Urate

The renal excretion of urate is also determined largely by secretion into the proximal tubule, although in the normal individual, the rate of urate excretion is lower than its rate of glomerular filtration, indicating that it is reabsorbed along the nephron. However, the excretion of urate actually depends on the balance of opposing reabsorptive and secretory transport processes in the proximal tubule. Both processes involve active urate transport, and the net excretion of urate is determined by which process dominates. The secretory process is the one that is physiologically regulated to maintain a normal plasma urate concentration in the face of changing dietary intake and metabolic production. Thus, when there is an excess of urate, secretion is stimulated, and it is decreased when there is a deficit.

Secretion of Organic Acids and Bases

Many other organic acids and bases, including many not normally found in the body, can be secreted into the proximal tubule. Coupled with hepatic metabolism, renal filtration and secretion processes are essential for clearing potentially harmful substances from the blood. However, many drugs are also cleared rapidly from the body by secretion in the proximal tubule. Sometimes this is helpful, as in the case of diuretics. Because of tubular secretion, the most widely used diuretics reach an effective concentration in the tubular fluid without requiring potentially harmful plasma concentrations. In the case of other drugs such as salicylates, the penicillinlike antibiotics, and sulfonamides, secretion tends to clear the drug rapidly and can be a problem in achieving an optimal plasma concentration. In such cases, probe-necid, a competitive inhibitor of the secretory transporter, can be administered to reduce secretion.

Because the doses of most drugs are based on the assumption of normal renal function, care must be exercised in adjusting the doses for the patient with renal failure. Because of the reduction of functioning renal mass by disease, there is a decreased rate of filtration and secretion of drugs. For those drugs that are cleared from the plasma primarily by the kidney, dosages must be adjusted downward in consideration of the decreased renal clearance.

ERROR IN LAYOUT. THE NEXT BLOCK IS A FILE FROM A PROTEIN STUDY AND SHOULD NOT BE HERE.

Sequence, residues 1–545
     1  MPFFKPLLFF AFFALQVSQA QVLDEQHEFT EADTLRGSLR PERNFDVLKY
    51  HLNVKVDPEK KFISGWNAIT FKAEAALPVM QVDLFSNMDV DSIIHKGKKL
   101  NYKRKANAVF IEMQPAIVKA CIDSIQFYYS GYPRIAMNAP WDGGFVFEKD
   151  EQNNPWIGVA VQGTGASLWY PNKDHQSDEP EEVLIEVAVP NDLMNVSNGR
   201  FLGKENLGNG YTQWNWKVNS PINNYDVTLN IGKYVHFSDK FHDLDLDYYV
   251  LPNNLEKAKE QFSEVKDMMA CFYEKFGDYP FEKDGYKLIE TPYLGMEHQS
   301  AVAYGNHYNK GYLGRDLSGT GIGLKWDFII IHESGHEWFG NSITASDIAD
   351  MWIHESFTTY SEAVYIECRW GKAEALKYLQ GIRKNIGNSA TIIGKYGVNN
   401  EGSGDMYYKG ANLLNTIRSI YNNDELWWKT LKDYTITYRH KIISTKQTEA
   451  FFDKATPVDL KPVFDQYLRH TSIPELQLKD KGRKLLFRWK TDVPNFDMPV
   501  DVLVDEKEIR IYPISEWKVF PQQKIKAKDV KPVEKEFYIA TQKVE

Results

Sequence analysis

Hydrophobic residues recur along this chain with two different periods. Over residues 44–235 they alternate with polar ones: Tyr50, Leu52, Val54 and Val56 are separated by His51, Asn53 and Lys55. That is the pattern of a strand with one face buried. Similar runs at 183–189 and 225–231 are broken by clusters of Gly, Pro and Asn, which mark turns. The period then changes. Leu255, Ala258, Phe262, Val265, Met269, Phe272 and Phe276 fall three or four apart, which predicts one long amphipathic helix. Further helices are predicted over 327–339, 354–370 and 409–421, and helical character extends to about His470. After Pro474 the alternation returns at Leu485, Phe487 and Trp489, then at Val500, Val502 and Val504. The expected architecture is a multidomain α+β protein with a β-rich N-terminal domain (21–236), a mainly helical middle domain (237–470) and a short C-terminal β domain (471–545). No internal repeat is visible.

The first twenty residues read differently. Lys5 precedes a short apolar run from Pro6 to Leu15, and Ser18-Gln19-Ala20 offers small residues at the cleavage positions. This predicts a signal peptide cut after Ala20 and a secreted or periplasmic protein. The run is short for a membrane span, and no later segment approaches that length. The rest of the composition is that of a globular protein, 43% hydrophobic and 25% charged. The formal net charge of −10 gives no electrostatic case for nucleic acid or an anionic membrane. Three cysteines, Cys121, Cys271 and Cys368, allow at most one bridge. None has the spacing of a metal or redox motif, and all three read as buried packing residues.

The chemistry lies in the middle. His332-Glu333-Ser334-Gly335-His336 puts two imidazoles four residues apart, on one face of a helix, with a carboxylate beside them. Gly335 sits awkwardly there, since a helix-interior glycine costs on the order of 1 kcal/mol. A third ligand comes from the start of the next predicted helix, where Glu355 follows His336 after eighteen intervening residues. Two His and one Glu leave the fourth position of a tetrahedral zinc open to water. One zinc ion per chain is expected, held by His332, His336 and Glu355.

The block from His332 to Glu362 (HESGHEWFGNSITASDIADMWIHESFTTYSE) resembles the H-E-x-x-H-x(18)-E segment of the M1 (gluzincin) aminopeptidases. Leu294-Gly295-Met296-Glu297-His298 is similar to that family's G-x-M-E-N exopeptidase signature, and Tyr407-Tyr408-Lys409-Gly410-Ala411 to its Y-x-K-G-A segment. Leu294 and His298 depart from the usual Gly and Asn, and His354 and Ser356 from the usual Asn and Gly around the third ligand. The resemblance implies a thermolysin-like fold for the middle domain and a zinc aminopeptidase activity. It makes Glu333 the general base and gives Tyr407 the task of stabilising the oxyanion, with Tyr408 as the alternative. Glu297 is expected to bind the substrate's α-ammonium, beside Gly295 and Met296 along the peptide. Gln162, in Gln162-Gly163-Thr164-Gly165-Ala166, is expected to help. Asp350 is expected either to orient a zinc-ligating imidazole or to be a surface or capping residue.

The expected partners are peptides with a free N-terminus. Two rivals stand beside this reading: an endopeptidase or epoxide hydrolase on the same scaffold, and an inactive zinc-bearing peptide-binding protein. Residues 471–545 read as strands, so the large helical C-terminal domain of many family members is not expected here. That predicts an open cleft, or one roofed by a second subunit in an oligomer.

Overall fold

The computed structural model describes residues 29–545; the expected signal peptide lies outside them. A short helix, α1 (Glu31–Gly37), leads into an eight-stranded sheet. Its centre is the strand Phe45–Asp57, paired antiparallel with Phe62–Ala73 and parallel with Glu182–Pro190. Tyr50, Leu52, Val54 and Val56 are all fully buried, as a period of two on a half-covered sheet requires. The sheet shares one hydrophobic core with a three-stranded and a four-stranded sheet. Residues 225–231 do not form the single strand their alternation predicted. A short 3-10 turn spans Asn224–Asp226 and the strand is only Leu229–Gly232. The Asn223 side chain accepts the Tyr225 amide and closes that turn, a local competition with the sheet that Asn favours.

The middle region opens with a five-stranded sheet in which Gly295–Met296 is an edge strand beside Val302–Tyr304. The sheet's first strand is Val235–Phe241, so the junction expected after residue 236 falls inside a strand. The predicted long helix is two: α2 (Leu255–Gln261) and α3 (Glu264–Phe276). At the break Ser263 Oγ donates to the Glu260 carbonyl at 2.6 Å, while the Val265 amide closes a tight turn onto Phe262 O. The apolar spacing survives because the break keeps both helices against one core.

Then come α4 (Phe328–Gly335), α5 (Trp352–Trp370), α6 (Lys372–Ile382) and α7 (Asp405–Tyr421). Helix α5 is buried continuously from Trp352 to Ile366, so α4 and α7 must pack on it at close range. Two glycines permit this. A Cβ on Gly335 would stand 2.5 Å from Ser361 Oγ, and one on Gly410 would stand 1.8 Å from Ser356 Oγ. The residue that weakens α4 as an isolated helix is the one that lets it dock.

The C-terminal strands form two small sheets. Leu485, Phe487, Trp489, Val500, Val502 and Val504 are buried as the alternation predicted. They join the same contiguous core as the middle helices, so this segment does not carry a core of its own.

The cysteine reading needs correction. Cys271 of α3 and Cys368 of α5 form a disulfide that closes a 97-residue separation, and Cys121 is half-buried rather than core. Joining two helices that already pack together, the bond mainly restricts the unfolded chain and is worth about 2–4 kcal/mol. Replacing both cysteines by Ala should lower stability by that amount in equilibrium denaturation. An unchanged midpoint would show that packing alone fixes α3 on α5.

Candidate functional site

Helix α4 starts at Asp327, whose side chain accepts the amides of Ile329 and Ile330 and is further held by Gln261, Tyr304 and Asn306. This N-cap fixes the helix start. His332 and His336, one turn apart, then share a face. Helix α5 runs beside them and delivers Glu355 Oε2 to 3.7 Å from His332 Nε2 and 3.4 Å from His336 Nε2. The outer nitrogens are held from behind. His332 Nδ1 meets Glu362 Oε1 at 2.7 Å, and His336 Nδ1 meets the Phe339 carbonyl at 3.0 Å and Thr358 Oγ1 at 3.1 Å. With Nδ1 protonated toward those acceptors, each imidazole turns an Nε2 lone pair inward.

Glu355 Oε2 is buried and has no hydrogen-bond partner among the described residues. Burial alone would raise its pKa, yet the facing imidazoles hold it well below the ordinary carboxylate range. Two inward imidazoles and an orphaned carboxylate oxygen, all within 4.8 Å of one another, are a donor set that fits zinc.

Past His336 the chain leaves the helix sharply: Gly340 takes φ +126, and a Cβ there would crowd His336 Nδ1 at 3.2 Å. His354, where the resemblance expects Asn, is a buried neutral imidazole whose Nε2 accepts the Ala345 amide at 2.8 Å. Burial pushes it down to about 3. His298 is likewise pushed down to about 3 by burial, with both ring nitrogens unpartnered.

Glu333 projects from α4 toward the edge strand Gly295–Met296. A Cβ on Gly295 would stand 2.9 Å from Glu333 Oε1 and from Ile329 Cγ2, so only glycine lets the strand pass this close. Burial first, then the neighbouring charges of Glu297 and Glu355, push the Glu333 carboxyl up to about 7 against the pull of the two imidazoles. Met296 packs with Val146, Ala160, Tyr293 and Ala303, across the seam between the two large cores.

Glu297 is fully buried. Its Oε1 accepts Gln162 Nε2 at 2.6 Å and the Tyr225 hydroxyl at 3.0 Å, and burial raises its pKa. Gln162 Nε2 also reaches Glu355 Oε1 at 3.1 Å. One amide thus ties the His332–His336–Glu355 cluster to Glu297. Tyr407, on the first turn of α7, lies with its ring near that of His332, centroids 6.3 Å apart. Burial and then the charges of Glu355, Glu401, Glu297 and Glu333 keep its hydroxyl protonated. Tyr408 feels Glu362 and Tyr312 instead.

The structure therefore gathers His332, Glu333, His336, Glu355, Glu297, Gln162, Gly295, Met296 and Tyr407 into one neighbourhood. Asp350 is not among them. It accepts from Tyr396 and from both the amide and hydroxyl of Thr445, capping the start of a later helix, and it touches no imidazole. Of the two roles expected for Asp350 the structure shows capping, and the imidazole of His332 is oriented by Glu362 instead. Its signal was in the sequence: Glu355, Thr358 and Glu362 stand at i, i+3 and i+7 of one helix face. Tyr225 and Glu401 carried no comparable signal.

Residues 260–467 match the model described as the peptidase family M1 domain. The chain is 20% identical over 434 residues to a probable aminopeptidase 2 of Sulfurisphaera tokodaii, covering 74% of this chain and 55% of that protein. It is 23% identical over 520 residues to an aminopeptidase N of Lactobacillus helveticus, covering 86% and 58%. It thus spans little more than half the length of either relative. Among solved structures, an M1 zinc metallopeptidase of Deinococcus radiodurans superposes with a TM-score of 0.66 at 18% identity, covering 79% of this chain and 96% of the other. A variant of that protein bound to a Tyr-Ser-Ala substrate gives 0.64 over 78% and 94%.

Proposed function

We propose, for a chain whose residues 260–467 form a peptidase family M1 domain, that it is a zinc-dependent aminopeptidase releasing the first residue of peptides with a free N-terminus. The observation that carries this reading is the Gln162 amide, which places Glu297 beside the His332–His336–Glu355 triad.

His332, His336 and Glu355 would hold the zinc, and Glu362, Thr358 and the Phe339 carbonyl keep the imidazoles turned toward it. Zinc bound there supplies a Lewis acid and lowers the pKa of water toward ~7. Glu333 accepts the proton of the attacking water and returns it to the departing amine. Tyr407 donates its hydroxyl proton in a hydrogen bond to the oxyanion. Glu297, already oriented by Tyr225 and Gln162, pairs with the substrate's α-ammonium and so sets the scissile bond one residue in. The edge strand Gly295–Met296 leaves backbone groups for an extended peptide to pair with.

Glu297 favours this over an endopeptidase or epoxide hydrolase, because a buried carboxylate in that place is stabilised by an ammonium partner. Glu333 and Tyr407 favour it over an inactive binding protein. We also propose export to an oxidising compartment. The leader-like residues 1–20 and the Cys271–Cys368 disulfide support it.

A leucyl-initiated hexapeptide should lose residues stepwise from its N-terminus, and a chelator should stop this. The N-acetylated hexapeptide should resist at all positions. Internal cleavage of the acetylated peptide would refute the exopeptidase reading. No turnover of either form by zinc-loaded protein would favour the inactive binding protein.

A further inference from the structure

Suggested Reading

Berry CA, Ives HE, Rector FC Jr. Renal transport of glucose, amino acids, sodium, chloride, and water. In Brenner MB, ed. The kidney, 5th ed. Philadelphia: WB Saunders, 1996, pp 334-370.

Hamm LL, Alpern RJ. Cellular mechanisms of renal tubule acidification. In Seldin DW, Giebisch G, eds. The kidney: Physiology and pathophysiology, Vol 1, 3rd ed. Philadelphia: Lippincott Williams & Wilkins, 2000, pp 1935-1980.

Sackin H, Palmer LG. Epithelial cell structure and polarity. In Seldin DW, Giebisch G, eds. The kidney: Physiology and pathophysiology, Vol 1, 3rd ed. Philadelphia: Lippincott Williams & Wilkins, 2000, pp 533-568.

Schafer JA. Transepithelial osmolality differences, hydraulic conductivities and volume absorption in the proximal tubule. Annu Rev Physiol 1990;52:709-726.

Weinstein AM. Sodium and chloride transport: Proximal nephron. In Seldin DW, Giebisch G, eds. The kidney: Physiology and pathophysiology, Vol 2, 3rd ed. Philadelphia: Lippincott Williams & Wilkins, 2000, pp 1287-1332.